The Preliminary Work
I. the Preliminary work
II. the Main work
III. the Pursuant work
One stands upright, forms the I-sign and concentrates his whole attention on the uplifted finger while continuing to think of nothing other than I, I, I. One will soon notice that the finger begins to become warm in a most peculiar fashion. When this warming becomes noticeable one allows the hand to fall, and after a while the A-sign is formed. One should attempt to vivify the A in a similar way until one feels a dry warmth in the thumb.
Then one immediately forms the 0 and animates it in the same way. The Oriental, who sequesters himself in the solitude of his tecke, i.e., of a Dervish establishment, will feel definite signs of the kind indicated on the first day, the Occidental, who will do the exercise no more than about 10 minutes in the morning or evening, will need a few days longer.
As soon as the warming takes place, the student must form the I and animate the finger with Si, Si, Si until he feels that it is becoming warm. He then lets his hand drop and immediately forms the A. He animates the angled hand with Sa, Sa, Sa and after a while guides his hand to his neck, makes the hand grip, and thereby conducts the inducted rarified forces of nature to his neck. During this he constantly thinks Sa, Sa, Sa, then sharply removes his hand and forms the 0, which, after he has animated it with the syllable So, So, So, he moves to his solar plexus in the Master-grip after a while.
This preliminary works encompasses a time span of ten days, that is: three days of animation with the simple vowel sounds and seven days with the syllable made up of the vowel compounded with S.The Main Work
Daily 5 to 10 minutes. Repeat the indicated exercises of the preliminary work for seven days. After the sixth day move the index finger of your angled hand, after it has been animated by Sa, to your nose. If you smell a slight sulphurous odor, you can proceed. If such is not the case, you must exercise for seven days longer.
Daily 10 minutes, 14 days long: The I is formed and animated by Si, Si, Si. When warmth is felt the hand is dropped and the A is formed, animated by the formula alam. The hand is moved into the Neck-grip at the neck, constantly repeating the formula. After a while remove the hand sharply. Then the O is formed again as before. After 14 days the bitter taste of mercuric chloride will be perceived if the index finger of the angled hand is placed on the tongue.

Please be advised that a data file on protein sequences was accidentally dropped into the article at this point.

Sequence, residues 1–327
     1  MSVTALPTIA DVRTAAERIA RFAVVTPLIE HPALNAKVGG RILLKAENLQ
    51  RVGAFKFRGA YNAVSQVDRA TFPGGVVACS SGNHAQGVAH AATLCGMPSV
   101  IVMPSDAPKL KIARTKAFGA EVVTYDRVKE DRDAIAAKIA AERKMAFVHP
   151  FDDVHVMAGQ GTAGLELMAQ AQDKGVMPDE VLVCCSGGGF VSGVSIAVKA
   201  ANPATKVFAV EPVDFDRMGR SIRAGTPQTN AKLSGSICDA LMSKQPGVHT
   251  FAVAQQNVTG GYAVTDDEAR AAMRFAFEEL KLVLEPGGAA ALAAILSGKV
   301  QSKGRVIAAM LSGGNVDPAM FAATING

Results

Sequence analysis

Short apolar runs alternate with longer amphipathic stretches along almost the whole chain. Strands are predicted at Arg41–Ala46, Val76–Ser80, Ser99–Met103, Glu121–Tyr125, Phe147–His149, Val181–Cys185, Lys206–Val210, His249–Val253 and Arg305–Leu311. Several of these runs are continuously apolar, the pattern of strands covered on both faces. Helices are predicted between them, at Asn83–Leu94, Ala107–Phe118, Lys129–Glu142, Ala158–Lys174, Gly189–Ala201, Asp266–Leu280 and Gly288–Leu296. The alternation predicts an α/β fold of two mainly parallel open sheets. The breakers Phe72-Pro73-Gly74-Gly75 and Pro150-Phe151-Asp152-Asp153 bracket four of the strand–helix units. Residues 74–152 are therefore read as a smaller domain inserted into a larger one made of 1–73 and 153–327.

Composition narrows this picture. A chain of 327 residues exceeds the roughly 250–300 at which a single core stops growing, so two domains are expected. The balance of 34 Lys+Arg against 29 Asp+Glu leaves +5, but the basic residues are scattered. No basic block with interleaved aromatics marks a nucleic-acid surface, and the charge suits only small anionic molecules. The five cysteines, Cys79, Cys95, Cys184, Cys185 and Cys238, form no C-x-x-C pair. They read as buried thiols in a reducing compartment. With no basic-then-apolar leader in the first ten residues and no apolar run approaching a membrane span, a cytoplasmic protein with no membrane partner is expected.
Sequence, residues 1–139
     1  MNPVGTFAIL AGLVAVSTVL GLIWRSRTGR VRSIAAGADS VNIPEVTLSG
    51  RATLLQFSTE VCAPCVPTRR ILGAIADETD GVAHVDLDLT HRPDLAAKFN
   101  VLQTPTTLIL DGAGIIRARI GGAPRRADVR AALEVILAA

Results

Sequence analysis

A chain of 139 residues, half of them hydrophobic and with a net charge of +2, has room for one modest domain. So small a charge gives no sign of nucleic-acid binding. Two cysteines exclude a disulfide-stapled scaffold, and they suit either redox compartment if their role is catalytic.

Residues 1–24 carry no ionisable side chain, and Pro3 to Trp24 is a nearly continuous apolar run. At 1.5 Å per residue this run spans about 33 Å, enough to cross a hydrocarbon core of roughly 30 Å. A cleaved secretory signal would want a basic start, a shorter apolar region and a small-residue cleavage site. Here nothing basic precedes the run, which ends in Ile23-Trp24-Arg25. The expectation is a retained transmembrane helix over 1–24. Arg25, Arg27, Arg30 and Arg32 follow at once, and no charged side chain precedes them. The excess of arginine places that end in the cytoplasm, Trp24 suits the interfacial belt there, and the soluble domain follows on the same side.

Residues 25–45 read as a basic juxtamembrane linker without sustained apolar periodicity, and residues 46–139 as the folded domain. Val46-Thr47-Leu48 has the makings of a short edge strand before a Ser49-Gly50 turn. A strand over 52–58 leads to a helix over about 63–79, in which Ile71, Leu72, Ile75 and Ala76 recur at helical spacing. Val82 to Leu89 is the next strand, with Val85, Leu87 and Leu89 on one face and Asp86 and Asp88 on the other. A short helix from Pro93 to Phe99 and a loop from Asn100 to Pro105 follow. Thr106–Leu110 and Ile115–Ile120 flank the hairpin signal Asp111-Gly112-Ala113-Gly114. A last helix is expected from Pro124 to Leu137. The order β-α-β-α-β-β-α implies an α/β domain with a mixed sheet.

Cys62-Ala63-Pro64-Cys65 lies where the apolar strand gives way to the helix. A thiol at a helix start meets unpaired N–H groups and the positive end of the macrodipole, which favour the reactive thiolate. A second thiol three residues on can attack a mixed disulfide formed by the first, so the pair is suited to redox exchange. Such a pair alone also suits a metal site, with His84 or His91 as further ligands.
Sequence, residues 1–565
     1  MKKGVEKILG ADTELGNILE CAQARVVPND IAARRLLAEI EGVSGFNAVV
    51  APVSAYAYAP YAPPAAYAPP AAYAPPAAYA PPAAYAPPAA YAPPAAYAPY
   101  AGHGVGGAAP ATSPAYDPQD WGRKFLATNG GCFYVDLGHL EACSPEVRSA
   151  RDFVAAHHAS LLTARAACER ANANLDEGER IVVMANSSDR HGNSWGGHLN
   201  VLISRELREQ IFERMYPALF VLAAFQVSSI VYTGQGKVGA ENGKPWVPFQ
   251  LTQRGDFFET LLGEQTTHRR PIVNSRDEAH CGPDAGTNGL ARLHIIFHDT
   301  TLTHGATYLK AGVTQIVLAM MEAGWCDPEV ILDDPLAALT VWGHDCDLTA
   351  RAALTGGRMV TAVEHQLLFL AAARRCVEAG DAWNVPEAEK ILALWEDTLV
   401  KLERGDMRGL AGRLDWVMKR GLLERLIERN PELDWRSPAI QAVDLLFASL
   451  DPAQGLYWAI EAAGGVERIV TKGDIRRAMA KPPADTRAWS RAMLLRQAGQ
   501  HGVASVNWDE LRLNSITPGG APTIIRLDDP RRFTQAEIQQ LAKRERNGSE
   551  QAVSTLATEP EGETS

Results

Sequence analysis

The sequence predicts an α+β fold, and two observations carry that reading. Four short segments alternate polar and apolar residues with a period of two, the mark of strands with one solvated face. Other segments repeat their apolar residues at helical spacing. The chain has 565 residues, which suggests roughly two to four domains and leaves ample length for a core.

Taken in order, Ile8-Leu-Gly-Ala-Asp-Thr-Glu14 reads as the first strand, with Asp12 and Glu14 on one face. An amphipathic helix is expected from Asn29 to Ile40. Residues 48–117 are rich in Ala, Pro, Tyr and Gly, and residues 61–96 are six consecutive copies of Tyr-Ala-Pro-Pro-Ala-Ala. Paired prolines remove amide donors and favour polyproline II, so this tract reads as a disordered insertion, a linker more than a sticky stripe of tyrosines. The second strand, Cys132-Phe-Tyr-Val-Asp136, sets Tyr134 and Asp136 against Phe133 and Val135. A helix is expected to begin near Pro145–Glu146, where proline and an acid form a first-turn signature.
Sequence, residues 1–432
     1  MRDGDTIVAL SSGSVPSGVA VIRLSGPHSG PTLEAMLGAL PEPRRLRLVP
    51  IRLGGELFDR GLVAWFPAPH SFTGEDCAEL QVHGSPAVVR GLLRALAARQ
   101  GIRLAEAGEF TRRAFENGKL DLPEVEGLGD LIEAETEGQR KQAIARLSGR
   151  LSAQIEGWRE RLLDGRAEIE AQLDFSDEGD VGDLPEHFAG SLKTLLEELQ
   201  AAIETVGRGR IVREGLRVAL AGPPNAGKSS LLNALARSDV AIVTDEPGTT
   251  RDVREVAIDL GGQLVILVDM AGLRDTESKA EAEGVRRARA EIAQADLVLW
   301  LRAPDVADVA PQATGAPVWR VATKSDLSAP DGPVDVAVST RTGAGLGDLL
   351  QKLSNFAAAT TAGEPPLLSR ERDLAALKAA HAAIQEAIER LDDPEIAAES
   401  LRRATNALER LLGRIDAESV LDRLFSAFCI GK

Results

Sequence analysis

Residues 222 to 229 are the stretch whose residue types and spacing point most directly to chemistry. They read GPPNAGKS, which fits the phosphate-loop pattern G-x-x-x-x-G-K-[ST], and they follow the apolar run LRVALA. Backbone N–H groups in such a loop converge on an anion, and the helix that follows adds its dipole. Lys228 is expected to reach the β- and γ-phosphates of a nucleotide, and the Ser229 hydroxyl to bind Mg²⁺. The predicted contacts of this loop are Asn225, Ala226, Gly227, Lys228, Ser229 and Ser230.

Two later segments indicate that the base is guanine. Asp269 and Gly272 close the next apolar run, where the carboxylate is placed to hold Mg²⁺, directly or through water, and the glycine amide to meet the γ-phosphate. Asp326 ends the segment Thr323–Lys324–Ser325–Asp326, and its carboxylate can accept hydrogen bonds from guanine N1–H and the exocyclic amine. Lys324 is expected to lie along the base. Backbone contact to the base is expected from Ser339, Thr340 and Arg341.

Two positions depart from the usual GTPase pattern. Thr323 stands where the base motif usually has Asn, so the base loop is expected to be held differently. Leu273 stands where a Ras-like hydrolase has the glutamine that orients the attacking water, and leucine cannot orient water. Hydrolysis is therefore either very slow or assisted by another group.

Daily 10 minutes, 14 days. The student forms the I sign, which he animates with Si, then the A-sign, which he animates with:
two days Alam
two days alamas
seven days alar
three days alamar
After the first four days there will be a perceptible slaty taste when one puts the index finger of the angled hand on the tongue. Then it is time to sharpen one's vision. If the student perceives a black shadow, this part of the work is finished.
Concerning the next phase of work, the table of the Prophet indicates a time-span of 696 days. Depending on the individuals involved, it fluctuates between this maximum term and the minimum of three lunar months. On page 45, I compare the data of the Rosarius minor Table with that of the Prophet. No exact time-span can be set, it all depends on obtaining certain the results. When these are obtained, the student goes on, otherwise he repeats the exercise until the indicated color appears. Once the student has glimpsed the blackish shadow, this day is to be celebrated as the beginning of a new life -- the student receives his lodge-name.
In the next period of time the Chest- and Middle-grip come into use. The student animates the I-sign for a short while and then immediately shifts into A, which he animates with the indicated formula. Since he has to report to his teacher every day what he sees, verification is easy. If the learner attains the color being aimed for early, the other formulas are just left out and he goes on to the next exercise. Once one has animated the A-sign it is then incorporated into the body by means of the Chest-grip. The formulas to be practiced during this period of work are: